Brachytherapy is continuously advancing. Years of accumulated experience have led to clinical evidence of its benefit in numerous clinical sites such as gynecological, prostate, breast, rectum, ocular, and many other cancers. Brachytherapy continues to expand in its scope of practice and complexity, driven by strong academic and commercial research, by advances in competing modalities, and due to the diversity in the political and economic landscape. It is a true challenge for practicing professionals and students to readily grasp the overarching trends of the field, especially of those technologies and innovative practices that are not yet established but are certainly on the rise.
Addressing this challenge, Emerging Technologies in Brachytherapy presents a comprehensive collection of chapters on the latest trending/emerging technologies and expert opinions. It is divided into five broad sections:
- Section I: Physics of Brachytherapy
- Section II: Imaging for Brachytherapy Guidance
- Section III: Brachytherapy Suites
- Section IV: Is Brachytherapy a Competitive Modality?
- Section V: Vision 20/20: Industry Perspective
Each section has a carefully selected collection of chapters, which covers the spectrum of topics in comprehensive detail. By drawing on recognized experts and key opinion leaders from academia and commercial sectors worldwide (100+ contributors), Emerging Technologies in Brachytherapy provides readers with a wealth of relevant information needed to comprehend the rapidly advancing technologies and trends of today and the prospects for the future.
Table of Contents
Sources and Loading Technologies
Image Processing for Brachytherapy
FMEA for Brachytherapy
Real-Time In Vivo Dosimetry
Quality Assurance Technologies
Additive Manufacturing (3D Printing) in Brachytherapy
Robotics in Brachytherapy
Optical Imaging and Navigation Technologies
X-Ray and Computed Tomography
Magnetic Resonance Imaging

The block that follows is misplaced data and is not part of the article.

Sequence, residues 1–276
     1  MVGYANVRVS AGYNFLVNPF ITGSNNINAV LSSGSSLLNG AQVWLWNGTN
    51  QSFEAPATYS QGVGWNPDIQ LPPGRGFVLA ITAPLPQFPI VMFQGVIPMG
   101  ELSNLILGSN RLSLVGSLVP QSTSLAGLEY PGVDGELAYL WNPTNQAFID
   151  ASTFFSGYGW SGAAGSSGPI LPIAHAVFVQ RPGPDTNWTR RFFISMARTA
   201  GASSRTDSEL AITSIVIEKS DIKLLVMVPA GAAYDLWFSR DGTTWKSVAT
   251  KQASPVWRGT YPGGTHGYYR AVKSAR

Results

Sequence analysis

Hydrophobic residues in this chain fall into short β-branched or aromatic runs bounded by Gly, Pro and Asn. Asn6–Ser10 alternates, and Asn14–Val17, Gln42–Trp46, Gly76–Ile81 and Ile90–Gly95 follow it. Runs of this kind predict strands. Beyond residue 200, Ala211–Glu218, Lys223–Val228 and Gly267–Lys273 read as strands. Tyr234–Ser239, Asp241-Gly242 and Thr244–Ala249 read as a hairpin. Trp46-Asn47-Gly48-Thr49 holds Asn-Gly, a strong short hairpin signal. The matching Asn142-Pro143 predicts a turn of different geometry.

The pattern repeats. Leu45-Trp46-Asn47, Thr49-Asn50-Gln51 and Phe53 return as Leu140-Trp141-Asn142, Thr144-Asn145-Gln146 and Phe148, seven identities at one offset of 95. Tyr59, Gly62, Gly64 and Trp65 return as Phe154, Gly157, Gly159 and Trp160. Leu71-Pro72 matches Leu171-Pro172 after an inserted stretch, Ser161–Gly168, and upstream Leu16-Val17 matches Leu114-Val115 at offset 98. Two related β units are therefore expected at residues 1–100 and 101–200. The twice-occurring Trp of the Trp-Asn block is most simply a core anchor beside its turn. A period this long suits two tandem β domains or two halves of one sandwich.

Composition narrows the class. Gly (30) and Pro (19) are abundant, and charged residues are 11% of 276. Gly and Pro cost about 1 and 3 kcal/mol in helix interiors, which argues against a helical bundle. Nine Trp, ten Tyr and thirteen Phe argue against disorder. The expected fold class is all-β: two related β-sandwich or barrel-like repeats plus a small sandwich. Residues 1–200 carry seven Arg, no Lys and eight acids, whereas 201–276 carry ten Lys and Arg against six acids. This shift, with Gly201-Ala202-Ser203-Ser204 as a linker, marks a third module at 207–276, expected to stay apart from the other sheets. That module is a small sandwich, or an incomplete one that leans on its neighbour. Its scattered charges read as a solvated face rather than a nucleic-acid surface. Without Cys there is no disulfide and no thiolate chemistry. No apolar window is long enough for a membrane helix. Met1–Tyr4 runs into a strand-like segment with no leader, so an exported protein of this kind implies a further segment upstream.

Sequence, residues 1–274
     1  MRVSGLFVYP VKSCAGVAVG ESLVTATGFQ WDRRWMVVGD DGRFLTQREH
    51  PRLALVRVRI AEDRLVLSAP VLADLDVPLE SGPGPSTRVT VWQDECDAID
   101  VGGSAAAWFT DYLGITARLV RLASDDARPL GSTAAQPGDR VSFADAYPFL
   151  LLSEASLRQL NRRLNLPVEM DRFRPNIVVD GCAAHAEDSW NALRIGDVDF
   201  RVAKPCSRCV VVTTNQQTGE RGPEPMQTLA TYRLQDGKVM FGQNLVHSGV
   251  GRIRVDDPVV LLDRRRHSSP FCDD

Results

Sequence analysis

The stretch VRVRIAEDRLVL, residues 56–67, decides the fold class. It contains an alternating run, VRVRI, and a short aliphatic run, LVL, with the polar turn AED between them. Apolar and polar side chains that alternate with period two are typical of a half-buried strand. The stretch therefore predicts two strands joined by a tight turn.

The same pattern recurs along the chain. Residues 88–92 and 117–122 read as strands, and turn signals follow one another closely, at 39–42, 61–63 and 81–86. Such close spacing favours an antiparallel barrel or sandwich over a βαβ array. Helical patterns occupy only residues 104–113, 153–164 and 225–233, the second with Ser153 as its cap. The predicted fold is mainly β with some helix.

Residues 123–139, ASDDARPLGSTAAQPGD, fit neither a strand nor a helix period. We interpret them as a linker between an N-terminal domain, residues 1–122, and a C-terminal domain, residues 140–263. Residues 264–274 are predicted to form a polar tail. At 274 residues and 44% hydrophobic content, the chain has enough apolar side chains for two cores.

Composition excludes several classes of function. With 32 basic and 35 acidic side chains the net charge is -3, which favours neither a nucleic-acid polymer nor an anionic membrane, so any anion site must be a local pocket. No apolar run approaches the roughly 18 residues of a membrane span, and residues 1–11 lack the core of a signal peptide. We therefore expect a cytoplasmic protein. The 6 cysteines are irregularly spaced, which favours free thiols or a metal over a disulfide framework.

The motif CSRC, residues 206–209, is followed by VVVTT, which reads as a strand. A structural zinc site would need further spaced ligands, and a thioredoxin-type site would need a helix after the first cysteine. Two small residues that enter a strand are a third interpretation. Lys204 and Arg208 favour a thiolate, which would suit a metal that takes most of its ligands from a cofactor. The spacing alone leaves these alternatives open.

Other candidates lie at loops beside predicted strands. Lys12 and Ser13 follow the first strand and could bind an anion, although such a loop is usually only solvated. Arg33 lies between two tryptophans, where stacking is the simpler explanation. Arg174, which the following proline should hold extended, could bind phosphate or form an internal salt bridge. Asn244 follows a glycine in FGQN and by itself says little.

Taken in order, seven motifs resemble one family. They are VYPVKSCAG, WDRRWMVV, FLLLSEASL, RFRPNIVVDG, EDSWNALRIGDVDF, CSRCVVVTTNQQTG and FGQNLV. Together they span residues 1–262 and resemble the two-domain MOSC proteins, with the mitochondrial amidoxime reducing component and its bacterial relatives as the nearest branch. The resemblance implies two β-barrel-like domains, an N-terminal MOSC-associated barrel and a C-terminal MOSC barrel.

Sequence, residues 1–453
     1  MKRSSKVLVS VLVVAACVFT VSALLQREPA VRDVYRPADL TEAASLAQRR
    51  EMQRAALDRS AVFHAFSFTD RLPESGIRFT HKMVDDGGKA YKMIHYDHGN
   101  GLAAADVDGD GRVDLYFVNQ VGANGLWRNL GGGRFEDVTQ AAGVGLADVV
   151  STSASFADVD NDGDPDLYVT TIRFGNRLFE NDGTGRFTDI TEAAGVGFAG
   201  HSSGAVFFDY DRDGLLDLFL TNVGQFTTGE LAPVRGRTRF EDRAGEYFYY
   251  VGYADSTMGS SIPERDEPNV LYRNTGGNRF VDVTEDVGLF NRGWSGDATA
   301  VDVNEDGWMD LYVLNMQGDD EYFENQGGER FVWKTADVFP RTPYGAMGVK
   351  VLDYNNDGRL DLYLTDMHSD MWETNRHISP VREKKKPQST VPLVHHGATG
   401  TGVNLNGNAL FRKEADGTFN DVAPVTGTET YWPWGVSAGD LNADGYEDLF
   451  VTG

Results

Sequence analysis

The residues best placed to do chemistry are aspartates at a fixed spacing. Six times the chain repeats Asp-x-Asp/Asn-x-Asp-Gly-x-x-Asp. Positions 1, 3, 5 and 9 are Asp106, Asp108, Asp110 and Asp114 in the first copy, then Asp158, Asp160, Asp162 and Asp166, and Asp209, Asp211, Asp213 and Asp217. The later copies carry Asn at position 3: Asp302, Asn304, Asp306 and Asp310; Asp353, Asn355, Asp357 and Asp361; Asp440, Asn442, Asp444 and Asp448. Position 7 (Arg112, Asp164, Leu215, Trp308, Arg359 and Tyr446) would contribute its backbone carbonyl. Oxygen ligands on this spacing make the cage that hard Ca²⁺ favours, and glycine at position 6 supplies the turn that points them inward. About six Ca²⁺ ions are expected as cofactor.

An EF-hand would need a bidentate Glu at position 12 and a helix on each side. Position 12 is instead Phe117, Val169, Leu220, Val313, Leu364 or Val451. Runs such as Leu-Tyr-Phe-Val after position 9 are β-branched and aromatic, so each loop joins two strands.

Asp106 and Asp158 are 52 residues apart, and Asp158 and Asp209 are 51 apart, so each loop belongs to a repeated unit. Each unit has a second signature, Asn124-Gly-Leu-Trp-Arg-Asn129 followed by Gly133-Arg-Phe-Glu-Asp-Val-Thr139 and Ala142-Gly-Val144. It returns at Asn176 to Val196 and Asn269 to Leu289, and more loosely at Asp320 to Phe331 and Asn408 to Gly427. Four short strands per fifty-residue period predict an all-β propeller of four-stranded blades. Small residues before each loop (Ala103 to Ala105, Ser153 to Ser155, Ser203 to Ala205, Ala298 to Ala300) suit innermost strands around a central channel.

Positron Emission Tomography
Imaging for Treatment Verification
Medical University of Vienna, Vienna, Austria
University Medical Center Utrecht, Utrecht, The Netherlands
Emerging Technologies in Brachytherapy
Hospital Charles Lemoyne, Montreal, Canada
Sunnybrook Health Sciences Centre, Toronto, Canada
Princess Margaret Cancer Centre, Toronto, Canada
Tata Memorial Hospital, Mumbai, India
Institut Joliot-Curie Cancer Center, Dakar, Senegal: Implementing a Brachytherapy Program in a Resource Limited Setting
EBRT or Brachytherapy?
Particle Therapy or Brachytherapy?
Is Brachytherapy Cost Effective?
Eckert & Ziegler BEBIG
Dr. William Y. Song is the Head of the Department of Medical Physics at the Odette Cancer Centre, Sunnybrook Health Sciences Centre, in Toronto, Canada. This is one of the largest medical physics units in the world with 50+ staff. Along with a busy external beam radiotherapy program, the centre sees close to 600 brachytherapy patients a year, making it the busiest program in Canada. Since joining the centre in 2014, he has been an Associate Professor in the Department of Radiation Oncology, Adjunct Professor in the Institute of Medical Sciences, Institute of Biomaterials and Biomedical Engineering, and Department of Mechanical and Industrial Engineering, at the University of Toronto. He is also an Adjunct Professor in the Department of Physics, at the Ryerson University, Toronto, Canada. He received his PhD degree in 2006 at the University of Western Ontario, London, Canada, on the topic of image guided treatment approaches for prostate cancer. Since then, he has pursued research in the field of image guidance systems, 4D motion management technologies, and brachytherapy, resulting in over 50+ peer-reviewed publications and 130+ conference abstracts. Along the way, he became a fully certified medical physicist (American Board of Radiology, 2010), directly supervised(ing) 20+ MSc and PhD graduate students, an ad hoc reviewer for 20+ research journals, and is a member of the Board of Associate Editors for the Journal of Medical Physics. In brachytherapy particular, his research focus has been in developing novel applicators and MR image processing techniques that enhances plan quality and plan quality evaluations; one in particular, in cleverly designing MR-compatible metal alloys to create non-isotropic dose distributions that can, in combination with inverse planning, gain exceptional dosimetric conformality for use in image guided adaptive brachytherapy.
Dr. Kari Tanderup is Professor at Department of Oncology, Aarhus University H